Occasionally, maritime mishaps move into the spotlight of New York news, typically involving accidents offshore. And although technical accidents are often inevitable, any kind of machine-related operation can come with its fair share of risks. When it comes to the maritime industry, errors are possible, as with any other mode of transportation. In response to such accidents, will the future of offshore work keep up with the advancements made in everyday vehicles?
Marine Insight, a website that informs and educates the public about the maritime industry, shares some common causes of work accidents on the water. A writer for MI found offshore oil rig mishaps to be one of the most common types of accidents, as this work requires heavy machinery with delicate components. If a worker disturbs or overlooks one of these complex components, the whole process can go awry--and can ultimately affect more areas than the one in which workers are involved. Human error is a major reason why many cruise vessels develop problems out at sea. Some workers find they cannot manage in extreme weather conditions; others wreck ships due to mere negligence.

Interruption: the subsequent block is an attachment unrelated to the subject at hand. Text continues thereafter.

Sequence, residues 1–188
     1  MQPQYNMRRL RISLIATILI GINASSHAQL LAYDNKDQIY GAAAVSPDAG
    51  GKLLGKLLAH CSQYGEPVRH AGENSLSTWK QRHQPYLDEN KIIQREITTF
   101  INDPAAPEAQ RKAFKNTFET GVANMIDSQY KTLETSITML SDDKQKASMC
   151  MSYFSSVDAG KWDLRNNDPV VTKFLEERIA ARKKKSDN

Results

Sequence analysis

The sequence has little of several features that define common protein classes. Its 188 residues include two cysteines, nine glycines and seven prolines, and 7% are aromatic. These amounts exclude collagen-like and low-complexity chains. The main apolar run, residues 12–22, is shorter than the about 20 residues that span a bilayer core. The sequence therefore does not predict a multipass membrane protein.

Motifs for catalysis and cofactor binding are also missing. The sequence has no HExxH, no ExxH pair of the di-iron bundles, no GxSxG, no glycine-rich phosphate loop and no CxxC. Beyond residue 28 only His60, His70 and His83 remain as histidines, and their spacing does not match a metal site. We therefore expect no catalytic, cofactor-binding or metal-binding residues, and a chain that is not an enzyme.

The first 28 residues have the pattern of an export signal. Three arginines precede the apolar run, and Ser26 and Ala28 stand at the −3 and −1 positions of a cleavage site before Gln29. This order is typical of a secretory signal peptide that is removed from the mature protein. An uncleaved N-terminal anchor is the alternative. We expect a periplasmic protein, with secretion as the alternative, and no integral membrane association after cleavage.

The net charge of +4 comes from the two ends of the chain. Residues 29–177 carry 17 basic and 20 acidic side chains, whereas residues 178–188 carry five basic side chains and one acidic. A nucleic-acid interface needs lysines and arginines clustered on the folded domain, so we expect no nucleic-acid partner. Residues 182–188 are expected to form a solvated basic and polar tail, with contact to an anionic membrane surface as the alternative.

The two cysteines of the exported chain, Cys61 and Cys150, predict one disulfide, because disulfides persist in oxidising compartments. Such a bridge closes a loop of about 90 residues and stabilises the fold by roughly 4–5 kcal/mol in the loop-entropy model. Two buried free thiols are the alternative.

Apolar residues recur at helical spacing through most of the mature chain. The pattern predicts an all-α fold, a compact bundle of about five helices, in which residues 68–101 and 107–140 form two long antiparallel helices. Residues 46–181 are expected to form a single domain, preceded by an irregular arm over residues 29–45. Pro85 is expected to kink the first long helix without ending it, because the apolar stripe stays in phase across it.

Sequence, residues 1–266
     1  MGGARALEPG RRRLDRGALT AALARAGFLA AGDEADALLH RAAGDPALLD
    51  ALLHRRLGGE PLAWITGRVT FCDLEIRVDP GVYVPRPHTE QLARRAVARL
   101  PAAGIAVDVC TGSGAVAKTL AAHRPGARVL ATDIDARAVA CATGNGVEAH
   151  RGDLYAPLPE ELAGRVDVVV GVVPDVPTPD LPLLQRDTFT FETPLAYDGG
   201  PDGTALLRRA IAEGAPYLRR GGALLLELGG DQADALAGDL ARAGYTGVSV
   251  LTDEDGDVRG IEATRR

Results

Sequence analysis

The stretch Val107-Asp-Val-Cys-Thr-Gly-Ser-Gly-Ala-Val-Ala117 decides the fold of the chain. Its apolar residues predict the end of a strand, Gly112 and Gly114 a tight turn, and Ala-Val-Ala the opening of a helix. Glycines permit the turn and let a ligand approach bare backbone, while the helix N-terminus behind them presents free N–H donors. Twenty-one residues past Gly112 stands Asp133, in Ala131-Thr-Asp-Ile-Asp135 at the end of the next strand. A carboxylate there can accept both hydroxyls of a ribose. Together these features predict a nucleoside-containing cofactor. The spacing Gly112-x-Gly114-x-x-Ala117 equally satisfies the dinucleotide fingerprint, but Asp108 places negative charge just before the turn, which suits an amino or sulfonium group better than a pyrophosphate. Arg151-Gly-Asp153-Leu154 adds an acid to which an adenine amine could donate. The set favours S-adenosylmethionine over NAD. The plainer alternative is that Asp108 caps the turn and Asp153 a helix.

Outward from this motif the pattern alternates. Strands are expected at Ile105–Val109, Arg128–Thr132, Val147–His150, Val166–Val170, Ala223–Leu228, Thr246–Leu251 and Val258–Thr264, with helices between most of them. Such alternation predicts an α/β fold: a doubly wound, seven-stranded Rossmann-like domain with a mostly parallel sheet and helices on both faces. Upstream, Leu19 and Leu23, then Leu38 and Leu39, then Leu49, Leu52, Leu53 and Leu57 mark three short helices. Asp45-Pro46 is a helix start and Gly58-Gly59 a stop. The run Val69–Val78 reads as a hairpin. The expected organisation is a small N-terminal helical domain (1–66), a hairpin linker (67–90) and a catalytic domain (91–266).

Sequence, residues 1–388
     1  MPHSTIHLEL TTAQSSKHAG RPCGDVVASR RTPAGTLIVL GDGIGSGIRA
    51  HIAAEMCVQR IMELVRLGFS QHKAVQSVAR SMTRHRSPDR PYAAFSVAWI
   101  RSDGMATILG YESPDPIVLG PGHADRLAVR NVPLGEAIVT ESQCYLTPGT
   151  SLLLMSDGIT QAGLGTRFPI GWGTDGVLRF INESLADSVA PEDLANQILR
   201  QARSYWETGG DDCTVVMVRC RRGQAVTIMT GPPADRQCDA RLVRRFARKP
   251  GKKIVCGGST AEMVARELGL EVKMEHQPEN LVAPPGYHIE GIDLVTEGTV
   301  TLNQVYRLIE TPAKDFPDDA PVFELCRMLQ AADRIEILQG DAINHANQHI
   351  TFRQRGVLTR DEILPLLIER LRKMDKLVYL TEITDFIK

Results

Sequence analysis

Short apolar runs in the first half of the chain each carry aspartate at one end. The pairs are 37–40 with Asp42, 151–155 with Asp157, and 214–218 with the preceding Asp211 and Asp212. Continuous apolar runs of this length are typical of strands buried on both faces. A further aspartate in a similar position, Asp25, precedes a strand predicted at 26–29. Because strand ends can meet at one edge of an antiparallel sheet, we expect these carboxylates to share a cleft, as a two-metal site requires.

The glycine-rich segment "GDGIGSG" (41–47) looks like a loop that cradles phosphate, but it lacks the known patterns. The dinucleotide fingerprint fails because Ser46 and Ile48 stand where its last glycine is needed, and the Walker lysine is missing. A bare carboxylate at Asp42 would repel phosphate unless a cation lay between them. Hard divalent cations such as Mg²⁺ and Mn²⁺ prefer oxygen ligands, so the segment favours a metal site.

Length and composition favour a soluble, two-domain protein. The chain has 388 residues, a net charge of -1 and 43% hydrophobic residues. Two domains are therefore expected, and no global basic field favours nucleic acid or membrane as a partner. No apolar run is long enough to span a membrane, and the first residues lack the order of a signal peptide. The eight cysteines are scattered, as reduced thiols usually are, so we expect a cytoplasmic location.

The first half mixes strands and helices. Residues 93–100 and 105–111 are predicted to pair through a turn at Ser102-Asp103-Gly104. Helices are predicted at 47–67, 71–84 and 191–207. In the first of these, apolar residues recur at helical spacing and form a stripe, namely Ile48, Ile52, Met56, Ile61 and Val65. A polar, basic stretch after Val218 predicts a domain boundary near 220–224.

Regardless of the cause, it is evident that tugboats and other vessels in the maritime industry are no exception to tragic accidents. According to NBC News, however, there may be one path to a solution: that of robot ships. As the technological advancements in automobile travel continue, NBC reports that the same technologies aim to enhance the safety of boats by becoming better equipped to take on dangerous storms and other extremes. Driverless ships can come with other advantageous perks, as well, also promising economic stability. Leaders in this developing technology hope to see autonomous tugboats, cargo ships and other vessels follow suit in the near future. Will the 'smart vessel' prove to be an asset in the coming years? Some are uncertain, but experts in the field claim the advancements will bring more opportunities as well as safer environments to offshore workers.